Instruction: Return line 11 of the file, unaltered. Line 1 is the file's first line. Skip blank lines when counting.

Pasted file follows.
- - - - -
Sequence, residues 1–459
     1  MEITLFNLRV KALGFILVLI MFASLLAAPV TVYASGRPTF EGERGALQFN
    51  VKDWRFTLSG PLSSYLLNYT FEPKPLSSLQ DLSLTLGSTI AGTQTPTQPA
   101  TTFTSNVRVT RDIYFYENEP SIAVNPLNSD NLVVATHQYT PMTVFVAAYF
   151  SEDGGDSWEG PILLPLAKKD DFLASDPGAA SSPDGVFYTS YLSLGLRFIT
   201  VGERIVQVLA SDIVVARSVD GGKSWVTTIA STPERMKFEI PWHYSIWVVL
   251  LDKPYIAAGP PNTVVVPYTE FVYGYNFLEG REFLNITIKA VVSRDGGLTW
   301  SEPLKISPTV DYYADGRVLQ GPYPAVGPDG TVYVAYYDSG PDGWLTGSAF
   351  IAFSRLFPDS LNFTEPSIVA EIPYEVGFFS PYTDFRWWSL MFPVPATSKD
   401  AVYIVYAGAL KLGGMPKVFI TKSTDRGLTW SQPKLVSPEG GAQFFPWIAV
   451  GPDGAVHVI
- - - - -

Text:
   451  GPDGAVHVI